Topical nail-bed fungus treatments are a safe option that almost anyone can use. They work best when the infection is treated in its earliest stages. However, these medications do not heal the nail itself, only the fungus growing on the nail bed and surrounding area. Only oral medications, which come with many contraindications and may not be safe for everyone, can treat the nail itself.
Medications in tablet form are much more effective at fighting nail fungus than topical treatments are, but they aren’t guaranteed to work and also have more side effects, long treatment durations and possible interactions. (7) Another downside is that they are like putting a Band-Aid on the problem — they’re not addressing why the fungus developed in the first place.
Food intolerances — Some yeast infections are due to food allergies. Try to avoid foods that cause negative reactions of any kind and pay attention to symptoms you experience when eating things like dairy, eggs, certain nuts, wheat-containing foods and grains. If you think you have a food allergy or sensitivity, try an elimination diet to figure out what foods are causing intolerance and work on removing those foods.
Recognize the signs. Before you can treat toenail fungus, you need to know what to look for. Nail fungus does not necessarily have consistent symptoms. The most common sign that you have nail fungus is tenderness or pain in the nail. Signs of a fungal infection include changes in your nail, such as color changes. The nail will usually get yellow or white streaks on the side of the nail. There is usually due to a buildup of debris under or around the nail, a crumbling and thickening of the outside edges of the nail, a loosening or lifting up of the nail, and nail brittleness.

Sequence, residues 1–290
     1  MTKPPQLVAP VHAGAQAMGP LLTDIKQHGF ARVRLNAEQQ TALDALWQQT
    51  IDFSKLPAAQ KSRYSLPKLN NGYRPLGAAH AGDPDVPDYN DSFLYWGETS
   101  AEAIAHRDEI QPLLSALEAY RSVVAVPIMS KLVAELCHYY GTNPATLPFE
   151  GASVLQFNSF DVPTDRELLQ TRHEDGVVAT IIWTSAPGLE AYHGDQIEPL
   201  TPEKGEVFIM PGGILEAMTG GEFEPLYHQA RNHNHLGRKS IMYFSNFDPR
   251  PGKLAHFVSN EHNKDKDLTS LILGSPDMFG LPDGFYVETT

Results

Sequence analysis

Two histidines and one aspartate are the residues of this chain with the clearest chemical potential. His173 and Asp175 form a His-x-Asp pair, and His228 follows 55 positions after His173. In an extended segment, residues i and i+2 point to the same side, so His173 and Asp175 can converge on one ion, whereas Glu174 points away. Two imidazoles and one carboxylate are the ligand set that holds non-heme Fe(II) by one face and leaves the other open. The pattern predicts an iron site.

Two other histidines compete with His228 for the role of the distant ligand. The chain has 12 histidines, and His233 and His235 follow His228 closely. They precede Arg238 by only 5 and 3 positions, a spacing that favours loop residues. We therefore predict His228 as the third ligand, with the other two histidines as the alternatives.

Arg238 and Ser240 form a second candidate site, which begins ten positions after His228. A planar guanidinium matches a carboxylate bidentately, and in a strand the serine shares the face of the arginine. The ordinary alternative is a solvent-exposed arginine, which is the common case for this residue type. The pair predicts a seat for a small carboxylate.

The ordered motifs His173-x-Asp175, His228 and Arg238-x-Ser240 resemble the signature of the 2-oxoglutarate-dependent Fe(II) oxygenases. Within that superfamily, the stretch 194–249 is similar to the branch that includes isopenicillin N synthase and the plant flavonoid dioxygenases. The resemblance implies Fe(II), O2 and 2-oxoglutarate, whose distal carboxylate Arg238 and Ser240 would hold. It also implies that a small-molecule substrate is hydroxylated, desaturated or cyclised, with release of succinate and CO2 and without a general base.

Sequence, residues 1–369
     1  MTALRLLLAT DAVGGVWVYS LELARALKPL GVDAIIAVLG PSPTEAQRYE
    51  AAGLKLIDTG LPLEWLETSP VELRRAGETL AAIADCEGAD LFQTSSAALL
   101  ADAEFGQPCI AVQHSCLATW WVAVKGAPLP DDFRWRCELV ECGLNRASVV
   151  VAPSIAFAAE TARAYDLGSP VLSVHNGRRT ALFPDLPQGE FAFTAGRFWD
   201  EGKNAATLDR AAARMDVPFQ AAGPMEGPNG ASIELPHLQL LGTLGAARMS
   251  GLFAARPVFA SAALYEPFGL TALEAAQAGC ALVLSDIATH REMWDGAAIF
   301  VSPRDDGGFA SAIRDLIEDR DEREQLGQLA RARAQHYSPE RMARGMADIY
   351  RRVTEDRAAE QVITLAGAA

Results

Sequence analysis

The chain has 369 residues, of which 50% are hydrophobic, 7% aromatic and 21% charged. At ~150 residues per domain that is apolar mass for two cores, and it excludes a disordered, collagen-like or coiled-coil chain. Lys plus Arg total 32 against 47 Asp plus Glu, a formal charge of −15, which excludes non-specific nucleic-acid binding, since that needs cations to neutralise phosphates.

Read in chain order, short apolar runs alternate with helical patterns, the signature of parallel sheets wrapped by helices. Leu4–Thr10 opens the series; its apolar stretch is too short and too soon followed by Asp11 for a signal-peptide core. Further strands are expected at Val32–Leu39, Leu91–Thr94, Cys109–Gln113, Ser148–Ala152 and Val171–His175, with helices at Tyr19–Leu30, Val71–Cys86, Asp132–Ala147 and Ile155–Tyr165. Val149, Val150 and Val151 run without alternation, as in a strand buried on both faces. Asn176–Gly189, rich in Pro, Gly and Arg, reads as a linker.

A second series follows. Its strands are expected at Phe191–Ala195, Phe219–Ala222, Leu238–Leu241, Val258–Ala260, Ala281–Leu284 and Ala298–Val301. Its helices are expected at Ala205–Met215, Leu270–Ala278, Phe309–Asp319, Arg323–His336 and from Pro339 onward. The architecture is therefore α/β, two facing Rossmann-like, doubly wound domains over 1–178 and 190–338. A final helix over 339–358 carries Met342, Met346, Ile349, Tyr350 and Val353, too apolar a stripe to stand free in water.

Topical agents such as amorolfine (Loceryl 5% nail lacquer; applied once or twice a week) and ciclopirox (Penlac 8% nail lacquer; applied daily) are usually prescribed for mild forms of the disease, but the treatment periods are long and their efficacy is somewhat limited due to poor nail plate penetration. These medications kill fungi by interfering with their cell membranes, which leads to their death.
Before taking action and finding the best nail fungus treatment for you, it is important to note that toenail fungus and skin fungus, such as athlete’s foot, often manifest together. For the best results, both should be treated at the same time to prevent an ongoing infection. You can recognize athlete’s foot by the dry, scaling, peeling skin on the bottom of the feet. Your feet may also itch, or exude a noticeable odor.
According to the UK's National Health Service, "Athlete’s foot is very contagious and can be spread through direct and indirect contact." The disease may spread to others directly when they touch the infection. People can contract the disease indirectly by coming into contact with contaminated items (clothes, towels, etc.) or surfaces (such as bathroom, shower, or locker room floors). The fungi that cause athlete's foot can easily spread to one's environment. Fungi rub off of fingers and bare feet, but also travel on the dead skin cells that continually fall off the body. Athlete's foot fungi and infested skin particles and flakes may spread to socks, shoes, clothes, to other people, pets (via petting), bed sheets, bathtubs, showers, sinks, counters, towels, rugs, floors, and carpets.
Use soap and water to wash your feet, and dry well, including between toes. Trim your toenails -- straight across -- to keep them shorter than the end of your toe. Make sure the tools you use are clean, too. Wash clippers and files with soap and water, then wipe with rubbing alcohol. You might be tempted to cover up discolored nails with polish, but don't. Your nail bed can't "breathe," which keeps fungus from going away.